Stages of Language Development
The stages of language development are one of the important parts of linguistics. Language plays a vital role to communicate with each other, from one country to another country. Every language has its individual characteristics and objectives. Now the question is how a language is developed in children?
A child acquires a language or mother tongue through different stages. After finishing all the stages the child is capable of acquiring his or her mother tongue. Let us see the stages of language development. We mainly analyze the four stages of child language acquisition. The four stages of language development in children demonstrated in the table below:
4 Stages of Language Development
The 4 significant stages of language development are given below:
The pre-linguistic stage is the core of child language acquisition. This stage begins from a child’s birth to his to her 7 months. During childbirth, the baby vocal tract is here and there more like that of a chimp than that of a grown-up human. Specifically, the tip of the velum reaches or covers with the tip of the epiglottis. As the newborn child develops, the tract bit by bit reshapes itself in the grown-up example.
At the very first or two months of life, a newborn child articulates distress with crying. There are some non-reflexive, non-trouble sounds delivered with a brought down velum and a shut or almost shut mouth, giving the impression of a syllabic nasal or a nasalized vowel.
At the age of 2 to 4 months, the newborn child starts expressing alleviation sounds. The soonest alleviation sounds possibly snorts or moans, with the later forms being vowel-like ‘coos’. A child can laugh around three or four-month later from his or her birth.
At the age of 4 to 7 months, newborn children normally take part in ‘vocal play’. At this time, they can produce different types of sounds such as friction noises, nasal murmurs, etc.
The babbling stage starts at the age of six months of a baby. At this stage, a child can produce sounds by using his or her speech organs. Not only that those children begin to make extended sounds by oral articulations into syllable-like arrangements, opening and shutting their jaws, lips, and tongue.
At this stage children often produce fricatives, affricates, and fluids rarely. Vowels will, in general, below and open, in any event at the outset. Sometimes they produce [bababa] or [nanana] etc.
In the Babbling stage children used to produce random sounds with their speech organ. Vocal play and Babbling both produced by them when they interact with their parents or relative. In this stage, a child randomly produces a variety of sounds. Sometimes these sounds partly matching his or her mother tongue.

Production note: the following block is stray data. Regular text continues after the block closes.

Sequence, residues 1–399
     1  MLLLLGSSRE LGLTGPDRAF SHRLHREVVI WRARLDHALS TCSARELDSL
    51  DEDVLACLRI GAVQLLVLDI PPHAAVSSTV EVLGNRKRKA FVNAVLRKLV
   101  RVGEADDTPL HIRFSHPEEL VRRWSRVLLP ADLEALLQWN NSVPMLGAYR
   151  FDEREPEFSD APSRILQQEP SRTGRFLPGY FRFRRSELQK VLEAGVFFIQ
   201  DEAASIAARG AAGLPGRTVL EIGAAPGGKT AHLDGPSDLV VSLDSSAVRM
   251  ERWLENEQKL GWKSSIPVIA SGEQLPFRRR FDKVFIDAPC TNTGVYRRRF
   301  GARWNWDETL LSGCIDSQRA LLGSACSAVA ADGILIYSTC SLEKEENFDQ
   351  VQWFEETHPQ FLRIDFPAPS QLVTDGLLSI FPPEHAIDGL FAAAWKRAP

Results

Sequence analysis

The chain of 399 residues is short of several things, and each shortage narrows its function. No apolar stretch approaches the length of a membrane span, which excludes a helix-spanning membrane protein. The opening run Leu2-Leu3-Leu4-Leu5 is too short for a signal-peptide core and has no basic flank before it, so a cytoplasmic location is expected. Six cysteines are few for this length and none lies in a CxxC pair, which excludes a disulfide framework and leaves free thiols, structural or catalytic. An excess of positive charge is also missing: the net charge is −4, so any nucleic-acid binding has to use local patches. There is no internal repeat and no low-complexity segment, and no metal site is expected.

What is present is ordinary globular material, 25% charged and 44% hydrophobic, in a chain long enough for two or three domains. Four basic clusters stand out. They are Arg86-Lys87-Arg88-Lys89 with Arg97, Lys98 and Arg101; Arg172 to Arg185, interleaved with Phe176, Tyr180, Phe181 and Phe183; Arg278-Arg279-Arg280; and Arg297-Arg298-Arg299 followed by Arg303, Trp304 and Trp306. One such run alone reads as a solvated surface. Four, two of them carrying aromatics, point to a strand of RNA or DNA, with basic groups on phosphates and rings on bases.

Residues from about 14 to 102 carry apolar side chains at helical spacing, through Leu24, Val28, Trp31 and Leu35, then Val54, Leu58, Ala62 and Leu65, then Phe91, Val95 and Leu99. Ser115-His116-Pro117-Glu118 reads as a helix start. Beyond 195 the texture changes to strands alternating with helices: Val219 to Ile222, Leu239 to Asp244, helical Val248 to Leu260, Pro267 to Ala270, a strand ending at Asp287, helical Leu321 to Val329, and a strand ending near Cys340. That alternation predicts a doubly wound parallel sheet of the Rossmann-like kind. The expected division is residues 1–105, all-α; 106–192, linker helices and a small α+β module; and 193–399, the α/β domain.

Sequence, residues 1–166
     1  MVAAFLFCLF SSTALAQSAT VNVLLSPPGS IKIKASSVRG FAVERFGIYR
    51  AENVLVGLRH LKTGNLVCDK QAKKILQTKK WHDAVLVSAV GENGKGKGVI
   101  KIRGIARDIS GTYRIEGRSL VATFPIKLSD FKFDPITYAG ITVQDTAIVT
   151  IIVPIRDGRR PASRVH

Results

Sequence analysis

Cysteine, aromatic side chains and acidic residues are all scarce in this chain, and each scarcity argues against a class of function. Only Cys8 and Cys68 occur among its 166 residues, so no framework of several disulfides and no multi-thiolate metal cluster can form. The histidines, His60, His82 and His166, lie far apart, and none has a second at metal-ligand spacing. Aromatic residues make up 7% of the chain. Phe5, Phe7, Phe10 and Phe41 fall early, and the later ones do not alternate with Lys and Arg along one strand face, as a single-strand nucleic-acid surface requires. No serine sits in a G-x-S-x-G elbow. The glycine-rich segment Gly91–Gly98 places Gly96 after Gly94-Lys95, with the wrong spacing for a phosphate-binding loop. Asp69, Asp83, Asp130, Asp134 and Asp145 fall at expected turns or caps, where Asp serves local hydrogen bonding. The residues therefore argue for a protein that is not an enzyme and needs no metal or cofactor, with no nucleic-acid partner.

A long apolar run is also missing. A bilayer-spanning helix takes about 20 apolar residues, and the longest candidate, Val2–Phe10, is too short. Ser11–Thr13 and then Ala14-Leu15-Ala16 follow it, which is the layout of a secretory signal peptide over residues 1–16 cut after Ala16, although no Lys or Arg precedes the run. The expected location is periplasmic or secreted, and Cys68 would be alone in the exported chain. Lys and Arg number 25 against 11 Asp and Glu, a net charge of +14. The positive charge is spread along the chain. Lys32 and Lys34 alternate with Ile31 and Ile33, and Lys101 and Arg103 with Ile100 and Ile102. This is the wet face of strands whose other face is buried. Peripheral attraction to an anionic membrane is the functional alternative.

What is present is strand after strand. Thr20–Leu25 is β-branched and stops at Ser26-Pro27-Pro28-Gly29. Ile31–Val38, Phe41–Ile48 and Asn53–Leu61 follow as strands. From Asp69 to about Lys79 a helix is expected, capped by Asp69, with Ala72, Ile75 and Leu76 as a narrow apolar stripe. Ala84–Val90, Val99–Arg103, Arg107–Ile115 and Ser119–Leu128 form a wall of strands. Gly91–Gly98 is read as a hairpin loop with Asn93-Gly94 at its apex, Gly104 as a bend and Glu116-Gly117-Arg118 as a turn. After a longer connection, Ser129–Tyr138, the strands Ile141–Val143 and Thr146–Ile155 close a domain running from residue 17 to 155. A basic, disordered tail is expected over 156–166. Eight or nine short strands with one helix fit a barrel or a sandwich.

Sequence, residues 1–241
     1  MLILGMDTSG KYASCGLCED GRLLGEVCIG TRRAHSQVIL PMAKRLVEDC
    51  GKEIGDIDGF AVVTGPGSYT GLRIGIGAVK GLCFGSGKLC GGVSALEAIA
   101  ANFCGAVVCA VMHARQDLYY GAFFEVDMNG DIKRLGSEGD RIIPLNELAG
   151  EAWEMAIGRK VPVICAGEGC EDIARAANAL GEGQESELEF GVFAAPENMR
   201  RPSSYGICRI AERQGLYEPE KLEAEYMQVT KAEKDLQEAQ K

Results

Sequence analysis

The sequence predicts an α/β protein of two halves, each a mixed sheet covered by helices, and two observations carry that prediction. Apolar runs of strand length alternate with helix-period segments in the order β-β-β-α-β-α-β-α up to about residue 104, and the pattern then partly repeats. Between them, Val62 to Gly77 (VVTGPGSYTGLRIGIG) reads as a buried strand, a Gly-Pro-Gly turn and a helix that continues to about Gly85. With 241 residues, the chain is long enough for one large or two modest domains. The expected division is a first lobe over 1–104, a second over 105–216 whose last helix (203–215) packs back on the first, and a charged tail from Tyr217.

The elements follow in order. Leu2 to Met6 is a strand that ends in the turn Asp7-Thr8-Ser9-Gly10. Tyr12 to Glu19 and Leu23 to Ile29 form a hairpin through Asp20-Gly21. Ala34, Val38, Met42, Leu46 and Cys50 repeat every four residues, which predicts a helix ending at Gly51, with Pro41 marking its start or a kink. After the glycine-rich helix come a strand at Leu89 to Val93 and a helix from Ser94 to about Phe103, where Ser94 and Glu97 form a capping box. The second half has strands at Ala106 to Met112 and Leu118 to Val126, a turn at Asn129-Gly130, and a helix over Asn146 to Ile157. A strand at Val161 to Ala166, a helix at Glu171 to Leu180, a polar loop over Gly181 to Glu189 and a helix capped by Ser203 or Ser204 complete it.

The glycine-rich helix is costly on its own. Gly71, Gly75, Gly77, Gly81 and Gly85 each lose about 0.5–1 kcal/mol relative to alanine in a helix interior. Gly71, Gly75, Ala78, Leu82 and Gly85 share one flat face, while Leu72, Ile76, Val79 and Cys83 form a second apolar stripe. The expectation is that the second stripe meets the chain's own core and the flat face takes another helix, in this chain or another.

The two-word stage begins when a child becomes one year or one and a half-year-old. In this stage children used to pronounce from one word to two words. At the same time, children start developing their sound production capability.
In the two-word stage children naturally, follow some grammatical rules in their sentence subconsciously. We can find some inflexions at the end of the two-word stage of a child. He or she can be able to describe an event by the grammatical functions. This is how a child finishes his or her two-word stage by producing many sounds and combining them into sentences.
At the age of 24 months to 30 months seem to be the telegraphic stage of a child. In this period, children start producing expressions with more than two elements. The expressions of children are longer than two words and meaningful characteristics.
For example, the little capacity words, too, the a, can, is, and so on are missing; just the words that convey the primary message, that is, the substance words are utilized. The expressions like feline stand up the table, what that, and no stay here, etc do not have the capacity words. These expressions are called the telegraphic stage.
The telegraphic stage incorporates just morphemes and words that convey essential semantic substance.
To sum up, we may say, this is how a child develops his or her language. These all 4 stages of child language development are enabled children’s capability of improving their mother tongue.
- Dulay, H.C., & Burt, M. K. (1972). Goofing: An indication of children’s second language strategies. Language learning 22, 235-252.
- Dulay, H.C., & Burt, M. K. (1974). Natural sequences in child second language acquisition. Language Learning 24, 37-53.
Have a look at these useful links:
- What is Psycholinguistics in linguistics?
- Difference between Phonetics and Phonology
- Characteristics of language
- Definition of language by scholars
- Definition of Syntax in linguistics